If you’ve invested in a foreign market or you’ve opened an offshore account, you may need to report your assets to the federal government. That means you might have to complete IRS Form 8938 every year when you file taxes. If you’re not sure whether you need this form or you need help filling it out, here’s everything you need to know about it.
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What Is IRS Form 8938?
U.S. taxpayers must report any foreign assets and accounts that are worth more than $10,000 to the Department of Treasury every year. If your foreign assets are worth more than $50,000, you may also need to report them to the IRS. This is where IRS Form 8938 comes into the picture.
IRS Form 8938 is known as the Statement of Specified Foreign Financial Assets. Investors and owners of foreign accounts who are required to fill out this form must provide specific details about their assets. The form is then submitted along with the income tax return.
What Is FATCA?
The Foreign Account Tax Compliance Act (FATCA) was introduced to prevent tax filers from using foreign accounts to avoid paying income taxes. Under this law, certain taxpayers are required to complete Form 8938.
You must fill out IRS Form 8938 if you meet all of the following conditions: (1) You’re a specified individual (meaning that you’re a U.S. citizen, a resident alien or a nonresident alien who’ll be considered a resident alien by filing a joint tax return), (2) you have specified foreign financial assets and (3) the combined value of all of your foreign assets exceeds a certain threshold on the last day of the tax year ($50,000 if you’re single or married and filing separately, or $100,000 if you’re married and filing jointly).
If your foreign assets are worth more than $75,000 at any point during the tax year and you’re single or married and filing separately, you may also need to complete Form 8938. The same rule applies if you’re married and filing separately and your foreign assets are worth more than $150,000 at any time during the tax year.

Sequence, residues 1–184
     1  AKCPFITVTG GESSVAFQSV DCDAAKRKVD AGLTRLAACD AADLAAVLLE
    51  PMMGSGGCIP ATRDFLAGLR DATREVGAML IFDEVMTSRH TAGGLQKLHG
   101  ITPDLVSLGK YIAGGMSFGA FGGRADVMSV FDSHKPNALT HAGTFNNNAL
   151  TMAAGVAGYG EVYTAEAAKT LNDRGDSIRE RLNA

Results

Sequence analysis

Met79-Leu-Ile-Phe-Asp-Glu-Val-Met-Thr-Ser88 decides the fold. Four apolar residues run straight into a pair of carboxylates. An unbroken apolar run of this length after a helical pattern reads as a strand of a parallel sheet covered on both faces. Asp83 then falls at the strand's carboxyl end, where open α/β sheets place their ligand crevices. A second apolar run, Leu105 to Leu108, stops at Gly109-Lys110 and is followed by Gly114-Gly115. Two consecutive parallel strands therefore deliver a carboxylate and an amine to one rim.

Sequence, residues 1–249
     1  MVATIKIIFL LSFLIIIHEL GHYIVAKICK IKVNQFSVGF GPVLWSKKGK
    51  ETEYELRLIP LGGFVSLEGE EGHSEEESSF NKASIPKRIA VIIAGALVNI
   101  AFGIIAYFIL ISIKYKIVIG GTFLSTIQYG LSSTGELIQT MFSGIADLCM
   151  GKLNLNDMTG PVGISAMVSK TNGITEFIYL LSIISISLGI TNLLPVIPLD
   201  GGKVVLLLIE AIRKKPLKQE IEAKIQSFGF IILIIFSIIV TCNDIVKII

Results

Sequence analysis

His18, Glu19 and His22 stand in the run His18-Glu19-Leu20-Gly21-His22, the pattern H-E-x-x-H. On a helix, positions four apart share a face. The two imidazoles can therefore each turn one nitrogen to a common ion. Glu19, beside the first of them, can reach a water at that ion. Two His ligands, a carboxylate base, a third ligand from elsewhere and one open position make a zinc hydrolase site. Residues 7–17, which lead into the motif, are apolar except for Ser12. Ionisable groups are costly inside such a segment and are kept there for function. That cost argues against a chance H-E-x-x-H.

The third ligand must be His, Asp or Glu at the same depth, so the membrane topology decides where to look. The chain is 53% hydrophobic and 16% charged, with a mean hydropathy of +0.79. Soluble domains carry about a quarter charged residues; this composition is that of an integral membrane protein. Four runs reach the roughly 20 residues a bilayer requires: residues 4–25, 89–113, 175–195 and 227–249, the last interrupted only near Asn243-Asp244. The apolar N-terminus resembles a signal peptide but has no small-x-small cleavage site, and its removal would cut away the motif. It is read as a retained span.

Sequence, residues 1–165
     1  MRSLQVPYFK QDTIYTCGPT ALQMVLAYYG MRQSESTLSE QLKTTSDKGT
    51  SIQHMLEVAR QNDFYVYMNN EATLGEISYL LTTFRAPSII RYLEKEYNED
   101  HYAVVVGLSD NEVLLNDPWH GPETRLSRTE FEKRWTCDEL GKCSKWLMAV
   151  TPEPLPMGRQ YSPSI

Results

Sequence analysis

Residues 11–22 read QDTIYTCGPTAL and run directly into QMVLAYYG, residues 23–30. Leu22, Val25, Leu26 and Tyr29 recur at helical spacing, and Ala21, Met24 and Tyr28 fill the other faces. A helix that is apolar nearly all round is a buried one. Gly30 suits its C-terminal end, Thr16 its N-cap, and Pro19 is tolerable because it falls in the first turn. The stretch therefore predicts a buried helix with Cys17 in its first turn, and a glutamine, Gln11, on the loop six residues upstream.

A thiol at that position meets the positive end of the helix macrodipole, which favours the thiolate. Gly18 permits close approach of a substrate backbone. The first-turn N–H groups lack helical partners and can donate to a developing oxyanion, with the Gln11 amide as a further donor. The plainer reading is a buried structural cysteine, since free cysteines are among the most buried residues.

Not all foreign assets are considered specified foreign financial assets. For example, you won’t need to report any information about foreign accounts on Form 8938 if they’re managed by a foreign bank’s U.S. branch, a U.S. financial institution or a U.S. bank’s foreign branch.
If you’re a U.S. taxpayer living abroad, the foreign asset reporting threshold is much higher. You’ll need to complete Form 8938 if your foreign assets exceed $200,000 at the end of the tax year or $300,000 at any point during the year. These thresholds double for joint tax filers living outside of the country.
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Form 8938 isn’t the only form you might need to file if you have foreign assets and accounts. If your assets are worth more than $10,000, you’ll need to fill out the Foreign Bank and Financial Accounts Report (FBAR).
Is filing both of these forms redundant? Well, not exactly. While they’re similar, they don’t ask for the same information. Certain details that you’ll need to report on Form 8938 won’t need to be included on the FBAR.
Filling out IRS Form 8938
Form 8938 has six different sections. You won’t need to file the form if you don’t have to file an income tax return. According to the IRS, this is true even when your assets exceed the required reporting threshold.
Part I of Form 8938 asks for the number and value of foreign deposit and custodial accounts. Part II asks for the number and value of all foreign assets. Keep in mind that when you’re calculating the value of your foreign assets, you’ll need to do your math using the foreign currency before converting it into U.S. dollars. If the value of one of your foreign assets is less than zero, you’ll need to use a value of zero when reporting the asset.
In Part III, you’ll need to enter information about any tax items you’ve reported on other tax forms that ask about your specified foreign financial assets. Part IV asks you to indicate whether you’ve filled out certain tax forms. In some cases, you may not have to include the same information from those forms on Form 8938.
Part V asks for specific details about the foreign deposit and custodial accounts you mentioned in Part I. Part VI asks for details about any other foreign asset you mentioned in Part II.
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According to the IRS, you’ll need to include the maximum value of your interest in foreign trusts, estates, pension plans or deferred compensation plans on Form 8938. If you’re missing some numbers, you can use the maximum value of your interest in the foreign trust or the fair market value on the last day of the tax year (for foreign estates, deferred compensation plans and pension plans).
Filing a joint tax return? It’s important to make sure you’re only reporting each foreign asset once. You’ll need to file one combined Form 8938 for the year. But if you’re filing a separate income tax return and both you and your spouse own an asset, you’ll have to include half of the value of the asset on your copy of Form 8938.
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